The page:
is predicting a 24 percent reduction in profit for the second quarter, compared to the same period last year. Samsung is forecasting a profit of approximately $7.1 billion for the quarter, well short of earlier expectations of $8 billion, and a more than $9 billion profit for the second quarter of 2013.
Samsung attributes the reduction to increased competition in the entry- and mid-level smartphone business and increased sales of large "phablet" phones cutting into tablet sales. Samsung's profit on U.S. sales has also been negatively impacted by exchange rate swings.
Another significant factor is that the smartphone is rapidly becoming a mature product in a mature market. Differences from one phone generation to the next are becoming more marginal, giving buyers less reason to replace existing phones. And the market is becoming saturated, with many buyers having already upgraded to smartphones. Both phenomena have forced Samsung to spend more on advertising to maintain sales volume. Maybe many manufactures no longer provide user-replaceable batteries in an attempt to force buyers into new phones.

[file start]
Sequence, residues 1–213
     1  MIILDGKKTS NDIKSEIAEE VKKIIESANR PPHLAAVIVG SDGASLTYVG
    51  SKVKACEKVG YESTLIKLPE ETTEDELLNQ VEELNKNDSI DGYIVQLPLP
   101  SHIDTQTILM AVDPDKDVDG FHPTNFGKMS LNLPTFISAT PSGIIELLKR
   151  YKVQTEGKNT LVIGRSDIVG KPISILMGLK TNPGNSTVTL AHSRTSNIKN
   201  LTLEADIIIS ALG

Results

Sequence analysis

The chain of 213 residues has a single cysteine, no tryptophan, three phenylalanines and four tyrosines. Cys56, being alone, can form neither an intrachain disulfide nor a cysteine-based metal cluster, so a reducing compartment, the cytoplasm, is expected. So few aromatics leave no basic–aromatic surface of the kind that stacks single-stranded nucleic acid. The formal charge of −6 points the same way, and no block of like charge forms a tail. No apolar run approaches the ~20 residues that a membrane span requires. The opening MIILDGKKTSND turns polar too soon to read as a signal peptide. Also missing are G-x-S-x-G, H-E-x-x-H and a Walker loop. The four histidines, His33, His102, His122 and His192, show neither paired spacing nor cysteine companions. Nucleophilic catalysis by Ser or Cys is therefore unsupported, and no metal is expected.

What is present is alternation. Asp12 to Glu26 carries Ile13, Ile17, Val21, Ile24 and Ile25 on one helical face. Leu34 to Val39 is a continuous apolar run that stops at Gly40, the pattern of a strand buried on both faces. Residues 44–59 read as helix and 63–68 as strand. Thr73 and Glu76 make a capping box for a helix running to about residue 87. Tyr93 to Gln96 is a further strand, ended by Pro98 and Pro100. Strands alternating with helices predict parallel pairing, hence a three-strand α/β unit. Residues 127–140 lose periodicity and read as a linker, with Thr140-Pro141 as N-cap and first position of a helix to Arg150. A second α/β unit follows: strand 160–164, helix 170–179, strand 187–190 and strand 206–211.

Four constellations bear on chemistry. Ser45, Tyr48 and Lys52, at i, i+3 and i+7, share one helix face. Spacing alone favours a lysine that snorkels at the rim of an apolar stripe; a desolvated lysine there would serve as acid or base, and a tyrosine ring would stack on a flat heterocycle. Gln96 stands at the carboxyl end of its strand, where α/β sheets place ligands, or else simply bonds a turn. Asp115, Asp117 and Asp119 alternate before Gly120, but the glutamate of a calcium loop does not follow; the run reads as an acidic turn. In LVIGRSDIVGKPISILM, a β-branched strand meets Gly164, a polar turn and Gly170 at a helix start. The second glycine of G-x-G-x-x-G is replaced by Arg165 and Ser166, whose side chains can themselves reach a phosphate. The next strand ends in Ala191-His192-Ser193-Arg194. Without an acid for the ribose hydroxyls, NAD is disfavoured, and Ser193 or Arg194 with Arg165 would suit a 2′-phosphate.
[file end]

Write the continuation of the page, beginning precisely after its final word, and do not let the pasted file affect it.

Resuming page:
Absent a significant advance in smartphone and/or network tech which motivates customers to upgrade in large numbers, these problems are likely to face most of the smartphone industry. This mirrors what has happened in the PC marketplace, where virtually every computer sold today is more than powerful enough for the typical buyer's needs, and there are no applications on the horizon demanding more power. A decent PC can easily last the typical user 3 to 4 years, and if you avoid breakage, the same is rapidly becoming true of smartphones.
Samsung is hoping the market for wearable devices and home automation will drive growth in the near future, but the potential of those markets remains to be seen.